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Int. J. Environ. Res. Public Health 2015, 12, 8644-8657; doi:10.


International Journal of
Environmental Research and
Public Health
ISSN 1660-4601

Experience of Multisensory Environments in Public Space
among People with Visual Impairment
Gavin R. Jenkins, Hon K. Yuen * and Laura K. Vogtle

Department of Occupational Therapy, School of Health Professions, University of Alabama at Birmingham,
Birmingham, AL 35294, USA; E-Mails: (G.R.J.); (L.K.V.)

* Author to whom correspondence should be addressed; E-Mail:;
Tel.: +1-205-934-6301; Fax: +1-205-975-7787.

Academic Editor: Paul B. Tchounwou

Received: 8 May 2015 / Accepted: 17 July 2015 / Published: 23 July 2015

Abstract: This qualitative study explored the role of sensory characteristics embedded in
the built environment and whether they support or hinder people with visual impairment in
their use of public spaces. An online survey link was e-mailed to the presidents and
committee members of each state’s chapters and associations of the National Federation of
the Blind in the United States, resulting in 451 direct invitations to participate.
Written responses of the survey questions from 48 respondents with visual impairment were
analyzed. Three main themes: Barriers, Supporters, and Context-Dependence emerged from
the respondents’ experience of multisensory characteristics within the built environment.
The four subthemes subsumed in Barriers were: (1) Population specific design, (2) Extreme
sensory backgrounds, (3) Uneven ground surfaces and objects, and (4) Inconsistent lighting.
For Supporters, respondents provided specific examples of various sensory characteristics
in built environments, including audible cues and echoes, smells, tactile quality of the ground
surface, and temperature. Context-Dependence referred to the effects of sensory
characteristics embedded in public spaces depending on one’s vision condition, the
proximity to the sensory cues and the purpose of the activities one was performing at that
moment. Findings provide occupational therapy practitioners an in-depth understanding of
the transactional relationship between embedded sensory characteristics in the built
environment, occupations, and people with visual impairment in order to make appropriate
modifications or removal of barriers that affect occupational performance and engagement.
Suggestions for occupational therapists as well as architects, designers, planners, policy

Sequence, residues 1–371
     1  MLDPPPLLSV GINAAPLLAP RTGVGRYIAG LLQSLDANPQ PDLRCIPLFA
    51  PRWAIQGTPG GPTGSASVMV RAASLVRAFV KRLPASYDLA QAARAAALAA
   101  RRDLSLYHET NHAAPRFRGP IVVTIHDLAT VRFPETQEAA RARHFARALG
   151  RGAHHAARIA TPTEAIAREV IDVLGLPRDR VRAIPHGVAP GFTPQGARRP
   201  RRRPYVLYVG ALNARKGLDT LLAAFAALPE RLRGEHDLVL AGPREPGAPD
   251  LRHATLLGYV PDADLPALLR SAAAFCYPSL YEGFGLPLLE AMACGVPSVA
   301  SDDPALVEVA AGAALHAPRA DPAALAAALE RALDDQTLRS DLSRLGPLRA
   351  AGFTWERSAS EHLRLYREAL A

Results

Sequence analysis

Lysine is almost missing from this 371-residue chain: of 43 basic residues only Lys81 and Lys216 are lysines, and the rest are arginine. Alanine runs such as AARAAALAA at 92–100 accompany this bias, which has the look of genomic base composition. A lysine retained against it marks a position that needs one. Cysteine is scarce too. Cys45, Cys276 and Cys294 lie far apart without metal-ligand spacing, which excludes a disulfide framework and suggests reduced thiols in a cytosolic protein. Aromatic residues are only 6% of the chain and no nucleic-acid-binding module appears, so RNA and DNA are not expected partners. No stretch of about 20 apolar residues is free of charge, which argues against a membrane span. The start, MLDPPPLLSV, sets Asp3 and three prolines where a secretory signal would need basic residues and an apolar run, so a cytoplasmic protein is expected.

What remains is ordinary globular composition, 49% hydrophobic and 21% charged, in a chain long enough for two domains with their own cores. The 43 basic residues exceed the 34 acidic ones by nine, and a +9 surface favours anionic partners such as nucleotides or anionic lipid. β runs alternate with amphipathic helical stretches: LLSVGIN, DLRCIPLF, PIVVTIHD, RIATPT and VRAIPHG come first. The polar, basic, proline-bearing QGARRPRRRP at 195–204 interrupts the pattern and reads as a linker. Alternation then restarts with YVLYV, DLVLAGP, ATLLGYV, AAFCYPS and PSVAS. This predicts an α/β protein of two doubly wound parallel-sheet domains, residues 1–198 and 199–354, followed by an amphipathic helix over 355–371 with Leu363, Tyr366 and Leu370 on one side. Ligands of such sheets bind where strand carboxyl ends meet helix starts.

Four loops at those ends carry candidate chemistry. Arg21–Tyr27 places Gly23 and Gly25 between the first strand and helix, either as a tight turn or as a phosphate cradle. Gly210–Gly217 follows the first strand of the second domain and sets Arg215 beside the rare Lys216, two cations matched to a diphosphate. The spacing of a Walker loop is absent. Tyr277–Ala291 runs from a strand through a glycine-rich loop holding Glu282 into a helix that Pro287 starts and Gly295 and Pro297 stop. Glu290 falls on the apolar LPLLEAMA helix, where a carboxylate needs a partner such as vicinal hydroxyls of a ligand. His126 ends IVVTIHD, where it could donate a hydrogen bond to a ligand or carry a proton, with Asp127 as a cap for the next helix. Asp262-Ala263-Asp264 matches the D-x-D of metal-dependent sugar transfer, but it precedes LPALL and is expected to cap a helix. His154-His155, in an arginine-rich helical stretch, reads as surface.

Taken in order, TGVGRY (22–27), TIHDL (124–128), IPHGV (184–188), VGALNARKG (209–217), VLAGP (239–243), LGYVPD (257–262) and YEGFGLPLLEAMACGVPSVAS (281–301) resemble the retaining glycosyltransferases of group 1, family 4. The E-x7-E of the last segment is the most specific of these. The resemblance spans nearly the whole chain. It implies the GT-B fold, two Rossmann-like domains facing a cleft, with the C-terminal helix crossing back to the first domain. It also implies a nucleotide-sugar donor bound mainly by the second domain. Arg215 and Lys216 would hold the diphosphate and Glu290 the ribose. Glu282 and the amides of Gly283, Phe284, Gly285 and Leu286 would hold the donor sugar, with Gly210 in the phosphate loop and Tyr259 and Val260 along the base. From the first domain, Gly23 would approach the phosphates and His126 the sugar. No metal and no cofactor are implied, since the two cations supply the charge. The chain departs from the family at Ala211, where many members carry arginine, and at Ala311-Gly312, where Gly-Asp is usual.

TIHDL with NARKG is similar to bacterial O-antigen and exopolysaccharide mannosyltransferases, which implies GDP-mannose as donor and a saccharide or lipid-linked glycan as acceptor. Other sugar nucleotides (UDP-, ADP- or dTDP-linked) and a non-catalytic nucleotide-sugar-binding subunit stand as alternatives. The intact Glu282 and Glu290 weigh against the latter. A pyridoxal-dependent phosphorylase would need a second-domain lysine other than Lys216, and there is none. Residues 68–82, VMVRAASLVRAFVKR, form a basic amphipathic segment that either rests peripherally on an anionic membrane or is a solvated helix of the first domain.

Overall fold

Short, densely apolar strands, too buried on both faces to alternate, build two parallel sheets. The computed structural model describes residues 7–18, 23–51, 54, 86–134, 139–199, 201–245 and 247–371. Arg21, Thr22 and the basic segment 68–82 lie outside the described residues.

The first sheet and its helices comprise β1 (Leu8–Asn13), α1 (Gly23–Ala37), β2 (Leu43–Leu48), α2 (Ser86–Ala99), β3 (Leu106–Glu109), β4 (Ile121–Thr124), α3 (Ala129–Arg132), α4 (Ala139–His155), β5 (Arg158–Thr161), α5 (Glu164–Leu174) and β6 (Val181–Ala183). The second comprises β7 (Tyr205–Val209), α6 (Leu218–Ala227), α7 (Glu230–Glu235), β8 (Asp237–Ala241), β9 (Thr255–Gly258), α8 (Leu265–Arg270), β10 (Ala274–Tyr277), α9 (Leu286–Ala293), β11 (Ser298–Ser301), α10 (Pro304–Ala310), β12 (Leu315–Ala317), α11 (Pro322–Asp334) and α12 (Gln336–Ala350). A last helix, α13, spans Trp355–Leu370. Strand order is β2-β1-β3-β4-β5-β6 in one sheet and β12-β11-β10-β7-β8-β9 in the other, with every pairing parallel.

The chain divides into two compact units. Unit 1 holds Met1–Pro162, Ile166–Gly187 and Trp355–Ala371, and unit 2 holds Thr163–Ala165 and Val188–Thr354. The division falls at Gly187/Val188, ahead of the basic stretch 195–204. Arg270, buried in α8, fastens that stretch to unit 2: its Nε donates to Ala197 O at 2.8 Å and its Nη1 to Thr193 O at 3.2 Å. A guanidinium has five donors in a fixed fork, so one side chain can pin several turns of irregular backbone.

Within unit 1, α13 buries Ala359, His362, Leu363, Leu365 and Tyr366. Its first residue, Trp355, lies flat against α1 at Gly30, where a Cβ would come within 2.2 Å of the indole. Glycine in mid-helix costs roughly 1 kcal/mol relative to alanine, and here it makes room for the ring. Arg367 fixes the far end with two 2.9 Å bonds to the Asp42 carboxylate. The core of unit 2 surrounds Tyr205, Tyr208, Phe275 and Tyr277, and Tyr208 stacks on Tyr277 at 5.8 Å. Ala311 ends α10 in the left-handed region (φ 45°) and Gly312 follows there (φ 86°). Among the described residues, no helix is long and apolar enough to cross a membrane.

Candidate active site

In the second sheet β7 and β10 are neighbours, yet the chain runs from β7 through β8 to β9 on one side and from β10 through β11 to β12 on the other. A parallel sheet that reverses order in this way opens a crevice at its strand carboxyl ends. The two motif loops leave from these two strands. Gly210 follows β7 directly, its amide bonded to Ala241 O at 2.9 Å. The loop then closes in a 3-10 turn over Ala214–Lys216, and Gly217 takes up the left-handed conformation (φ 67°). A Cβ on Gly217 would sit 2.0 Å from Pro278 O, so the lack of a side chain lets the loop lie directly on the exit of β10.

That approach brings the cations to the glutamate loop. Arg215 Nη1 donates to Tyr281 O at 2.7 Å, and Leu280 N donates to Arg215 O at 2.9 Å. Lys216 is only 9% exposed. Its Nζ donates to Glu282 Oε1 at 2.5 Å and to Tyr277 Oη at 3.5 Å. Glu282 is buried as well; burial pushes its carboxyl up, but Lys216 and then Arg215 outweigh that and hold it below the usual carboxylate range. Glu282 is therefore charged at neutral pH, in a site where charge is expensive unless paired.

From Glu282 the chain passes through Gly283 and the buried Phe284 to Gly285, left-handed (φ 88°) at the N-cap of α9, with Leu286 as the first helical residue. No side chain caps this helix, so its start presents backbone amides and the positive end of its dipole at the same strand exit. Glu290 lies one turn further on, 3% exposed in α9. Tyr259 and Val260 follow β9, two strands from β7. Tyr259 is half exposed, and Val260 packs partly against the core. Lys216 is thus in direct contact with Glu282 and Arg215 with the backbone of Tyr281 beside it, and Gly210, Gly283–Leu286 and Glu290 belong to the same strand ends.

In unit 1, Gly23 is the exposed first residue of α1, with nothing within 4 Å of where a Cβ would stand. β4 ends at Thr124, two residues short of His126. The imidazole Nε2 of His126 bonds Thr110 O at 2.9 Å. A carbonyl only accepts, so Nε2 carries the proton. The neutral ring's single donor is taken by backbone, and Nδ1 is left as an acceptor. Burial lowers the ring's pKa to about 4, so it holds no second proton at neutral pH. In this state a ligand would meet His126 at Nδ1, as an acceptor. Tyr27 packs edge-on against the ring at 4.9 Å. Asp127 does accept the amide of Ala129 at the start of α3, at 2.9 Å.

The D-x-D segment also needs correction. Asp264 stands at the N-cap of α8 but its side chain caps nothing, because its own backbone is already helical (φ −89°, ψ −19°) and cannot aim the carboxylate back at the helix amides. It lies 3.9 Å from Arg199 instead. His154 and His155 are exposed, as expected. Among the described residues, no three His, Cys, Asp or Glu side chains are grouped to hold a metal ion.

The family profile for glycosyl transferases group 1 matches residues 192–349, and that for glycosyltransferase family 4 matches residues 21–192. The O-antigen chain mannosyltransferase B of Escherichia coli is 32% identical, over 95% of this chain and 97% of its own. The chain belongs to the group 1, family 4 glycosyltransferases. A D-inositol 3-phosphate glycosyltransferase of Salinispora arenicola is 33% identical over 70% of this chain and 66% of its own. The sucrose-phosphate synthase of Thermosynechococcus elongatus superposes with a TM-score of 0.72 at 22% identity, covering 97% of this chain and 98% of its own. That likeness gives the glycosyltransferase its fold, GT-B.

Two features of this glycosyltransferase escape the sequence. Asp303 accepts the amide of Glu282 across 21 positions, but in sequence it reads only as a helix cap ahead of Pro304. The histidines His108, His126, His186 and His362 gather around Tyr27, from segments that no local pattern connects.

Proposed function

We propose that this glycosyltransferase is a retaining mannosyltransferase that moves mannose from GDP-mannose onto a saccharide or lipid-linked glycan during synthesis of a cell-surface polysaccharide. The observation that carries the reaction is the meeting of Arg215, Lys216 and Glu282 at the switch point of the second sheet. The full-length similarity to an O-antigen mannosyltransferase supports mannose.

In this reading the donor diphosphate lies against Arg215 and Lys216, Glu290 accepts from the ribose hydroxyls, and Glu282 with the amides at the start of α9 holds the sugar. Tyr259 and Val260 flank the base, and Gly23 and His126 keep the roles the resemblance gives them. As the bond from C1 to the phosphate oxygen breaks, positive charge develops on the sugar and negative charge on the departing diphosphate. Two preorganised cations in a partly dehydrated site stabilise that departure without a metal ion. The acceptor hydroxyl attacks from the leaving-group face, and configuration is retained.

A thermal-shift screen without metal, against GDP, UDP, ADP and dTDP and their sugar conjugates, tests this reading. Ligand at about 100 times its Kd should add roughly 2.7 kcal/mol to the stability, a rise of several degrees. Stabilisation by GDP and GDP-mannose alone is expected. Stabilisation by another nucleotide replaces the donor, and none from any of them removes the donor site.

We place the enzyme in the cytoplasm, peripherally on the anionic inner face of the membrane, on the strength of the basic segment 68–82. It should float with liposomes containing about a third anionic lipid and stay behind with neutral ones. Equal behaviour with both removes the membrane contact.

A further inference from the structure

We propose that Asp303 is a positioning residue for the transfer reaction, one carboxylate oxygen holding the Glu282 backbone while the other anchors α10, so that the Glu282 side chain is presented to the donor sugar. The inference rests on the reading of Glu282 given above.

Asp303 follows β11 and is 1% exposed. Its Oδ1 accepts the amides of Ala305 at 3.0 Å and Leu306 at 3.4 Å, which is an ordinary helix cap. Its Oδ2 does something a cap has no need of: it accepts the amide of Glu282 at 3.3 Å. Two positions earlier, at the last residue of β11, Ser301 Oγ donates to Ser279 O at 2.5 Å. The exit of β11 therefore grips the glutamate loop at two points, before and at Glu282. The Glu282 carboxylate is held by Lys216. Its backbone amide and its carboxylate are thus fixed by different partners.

where Christiansen and Baum (1991) proposed that the person and the environment are bridged by occupation and performance [9]. being characterized as dependent and mutually influential [8]. the unique environment in which they function. other theorists have advocated that a person’s behavior or participation is a response to environmental demands. public spaces. Keywords: built environment. and the actions and tasks they pursue. The environment was also clearly articulated in the Person-Environment-Occupational-Performance. Aligned with this. Each environment offers a number of opportunities and resources. and contribute to a sense of familiarity and belonging to a community [4]. To understand what people do. The concept of the environment as a significant factor in promoting people’s ability to engage in activities was the foundation for occupational therapy [6]. architectural accessibility. Res. . while.14] suggesting that cues or conditions in the environment will shape people’s responses.12]. Environments support associations between people and occupations. within the Ecology of Human Performance the person is portrayed as entirely embedded in the context or environment. occupation and environment are in a constant relationship with one another. environment and occupation is the core of occupational therapy [1]. sensory cues. In a similar vein. demands and constraints.Int. qualitative research 1. Occupation-based theories explain the role of the environment on people’s performance. press or expectations [10–12. while the individual desires to behave masterfully [11. at other times. where it is stated that the individual interacts through the medium of occupation with the environment [7]. Environ. they are where many of the occupations that fill people’s lives occur. within the Model of Human Occupation. Environments are not simply places where people want to “access”. Schkade and Schultz (1992) discussed that an environment demands mastery from a person. Kielhofner [13] discussed that in every environment people encounter expectations that demand particular behaviors and discourage others. Accordingly optimal occupational performance may be achieved by changing any of the three components of the model. Public Health 2015. depicting an inseparable relationship between the two [10]. they are the lexicon of culturally appropriate pursuits and pastimes that provide people with identity and fulfillment [3]. All these occupation-based theories point to the inhibiting or facilitating relationship between individuals’ distinctive performance capabilities. J. they do not. Perhaps most noticeably. This is seen in the Canadian Model of Occupational Performance and Engagement. with occupational performance and engagement and health/well-being the desired outcomes [2]. 12 8645 makers/legislators related to functional sensory cues in the design of built environments were provided to increase accessibility in the use of public spaces by people with visual impairment. The Person-Environment-Occupation model asserts that the three elements of person. Introduction Study of the dynamic relationship between person. The interaction between these two influences results in a dynamic tension between the individual and environment where at times the individual will effect an interaction that is “adaptive and masterful”. there is a need to consider that everyday occupations necessarily occur in particular environments and these environments are related to their occupational engagement [5]. instead.